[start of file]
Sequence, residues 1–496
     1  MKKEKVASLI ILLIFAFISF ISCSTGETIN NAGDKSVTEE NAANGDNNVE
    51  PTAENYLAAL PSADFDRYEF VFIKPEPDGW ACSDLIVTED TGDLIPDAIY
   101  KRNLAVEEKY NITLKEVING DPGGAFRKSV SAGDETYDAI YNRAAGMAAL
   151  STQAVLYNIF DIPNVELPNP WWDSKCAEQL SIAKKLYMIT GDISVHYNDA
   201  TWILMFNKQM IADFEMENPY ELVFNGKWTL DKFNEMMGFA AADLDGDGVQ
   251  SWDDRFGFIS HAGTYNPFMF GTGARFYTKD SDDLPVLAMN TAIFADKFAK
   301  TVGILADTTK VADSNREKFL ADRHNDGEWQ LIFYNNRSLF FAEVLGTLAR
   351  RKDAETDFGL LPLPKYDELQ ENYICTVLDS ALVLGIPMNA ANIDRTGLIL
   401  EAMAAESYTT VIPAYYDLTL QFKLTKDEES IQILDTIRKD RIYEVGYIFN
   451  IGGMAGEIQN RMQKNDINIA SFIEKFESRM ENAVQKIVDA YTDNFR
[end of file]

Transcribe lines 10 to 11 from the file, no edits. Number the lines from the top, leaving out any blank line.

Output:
   401  EAMAAESYTT VIPAYYDLTL QFKLTKDEES IQILDTIRKD RIYEVGYIFN
   451  IGGMAGEIQN RMQKNDINIA SFIEKFESRM ENAVQKIVDA YTDNFR